- The Regional Selection Team will meet and review nominations and seek additional candidates as necessary, facilitated by the outgoing RF.
- By December 1, the Regional Selection Team will make a recommendation for the position of RF so that the selected individual can make arrangements to fully participate in the Extravaganza.
If the currently serving RF is willing and eligible for a second term, the process is the same, except that the process will be facilitated by Amy Wagner, our Regional Facilitator Coach.
This year, in Region 1, Lisa Gray has chosen not to seek reappointment. This is also true in Region 5, where Molly Haggerty Brewster has served. In Region 4, Ian Hartfield is willing to serve another term. We are grateful for the time and energy all 3 of these RF’s have given in the past 3 years. They have done great ministry.
So you might be interested in serving as an RF. Or, you might know someone who you think would be a good fit. Here are some things to consider:
- Does the role of RF fit within your skill set and the time you have available to commit?
- Can you fulfill the role as RF for three years?
- Can I devote time for: making connections with youth ministry people throughout your region, connecting with a leader in each of the synods in the region, exploring how else you can grow the Network, making monthly RF conference calls a priority, attending the Extravaganza (from our pre-meeting through our wrap up meeting), and regular check ins with the RF coach?
- For RFs seeking re-appointment: consider how you can build on what you have accomplished throughout your previous term.
The Regional Facilitators meet face-to-face twice a year, at the Extravaganza and at a spring meeting in Chicago. They also meet online an additional 5-6 times per year.
First, let me jump to the ending: Marty is fine. Healing…walking… He is fine.
Now, the backstory:
Marty is an awesome adult volunteer in our senior high ministry. He’s been doing this for years and is fantastic. He ‘gets’ good, relational ministry, and is a ton of fun to have around. He is a blessing to our congregation. Marty is also a black-diamond skier. And he’s gone with us on our annual senior high ski retreat to Bozeman, Montana for years. This past February, he was cruising down a hill…not even that steep a hill when control was lost, his body spun one way, and his skis remained stationary. Basically, his body moved in ways not designed by the architect.
Marty suffered a badly broken leg.
Other folks were in the vicinity, the ski patrol was called, Marty was taken by ambulance to the Bozeman hospital and his road to recovery began.
Marty had to stay in Bozeman an extra couple of days, following surgery. So our congregation flew his wife out to be with him, and then paid for them to fly home together.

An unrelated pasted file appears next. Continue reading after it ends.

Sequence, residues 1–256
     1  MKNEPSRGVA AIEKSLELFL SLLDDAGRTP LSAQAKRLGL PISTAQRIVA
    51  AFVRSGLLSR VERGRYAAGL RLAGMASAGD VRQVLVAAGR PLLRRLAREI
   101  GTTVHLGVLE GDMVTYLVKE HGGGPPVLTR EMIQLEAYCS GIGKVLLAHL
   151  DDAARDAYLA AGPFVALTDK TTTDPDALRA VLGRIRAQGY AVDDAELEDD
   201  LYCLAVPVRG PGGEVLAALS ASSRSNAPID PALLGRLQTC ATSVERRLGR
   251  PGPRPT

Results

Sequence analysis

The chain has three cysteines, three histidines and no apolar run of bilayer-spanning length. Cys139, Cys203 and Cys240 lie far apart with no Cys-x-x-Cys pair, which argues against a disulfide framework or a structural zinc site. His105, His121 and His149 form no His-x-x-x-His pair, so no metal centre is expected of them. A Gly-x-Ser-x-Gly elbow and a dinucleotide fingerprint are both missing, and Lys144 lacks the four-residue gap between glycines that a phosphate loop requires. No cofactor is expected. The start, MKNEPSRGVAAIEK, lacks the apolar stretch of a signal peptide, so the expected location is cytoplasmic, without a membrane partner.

I told Marty and his wife that normally, the individual’s insurance was primary, and if there was stuff that wasn’t covered, the church’s insurance kicked in and would cover the balance. That’s always been my understanding of how it works.
So a few weeks later, there were outstanding bills. They gave them to me and I began the process of running them through the church’s insurance.
They were denied.
It turns out that our congregation’s insurance policy has a “sports exclusion” written into it. If an injury happens while doing a sports-related activity, it is NOT covered by the church’s insurance.
You’re kidding me? 50% of what we do could be interpreted as sports-related.
Skiing. Ice skating. A fun-run. Volleyball. Dodgeball. Rock climbing. Sledding. Bowling. Rollerskating/blading. Field games.
It turns out, that if Marty had tripped down the stairs of the ski chalet while wearing his ski boots, he would be covered. But skiing does not fit the criteria because of a sports exclusion.
So we asked “Is that exclusion just for our adult leaders? What about young people themselves. They’re covered, aren’t they? Nope. The same exclusion exists for everyone.
How is that possible? How can we have an exclusion like that?
No one knows. I think we just always assumed that we were covered.
So as a congregation, while we’re paying that overage ourselves (it’s the least we can do considering that he was there working “for us”) we’re also investigating:
- What would it cost for us to get that exclusion taken out of our policy? No doubt, it would cause our premiums to go up, but it still might be cheaper than having to cover these costs ourselves in the future.
- We’re also asking “what other exclusions do we have that we’re not aware of? Any other surprises out there?
I figured, if our congregation, a pretty large one with people who pay attention to this stuff on our staff, and who do a really good job, didn’t know about this exclusion, other congregations probably also don’t know.
So I’m tossing this out there as a ‘learn from us.’ It might be worth double-checking your own coverage. I don’t have any ‘answers’ yet. We’re still in process. But if I learn more, I’ll let you know.
Ultimately, we are grateful that the broken leg, though serious, wasn’t life-threatening, and that there were good people all along the way to help Marty and our group. Thanks be to God!
Nominations open today for the Board of Directors of the ELCA Youth Ministry Network. Two seats on the board will become available when the next term begins. Those terms don’t begin until February 3, 2014, a long time from now. So why are we already opening up the nomination process for terms that don’t begin for 10.5 months?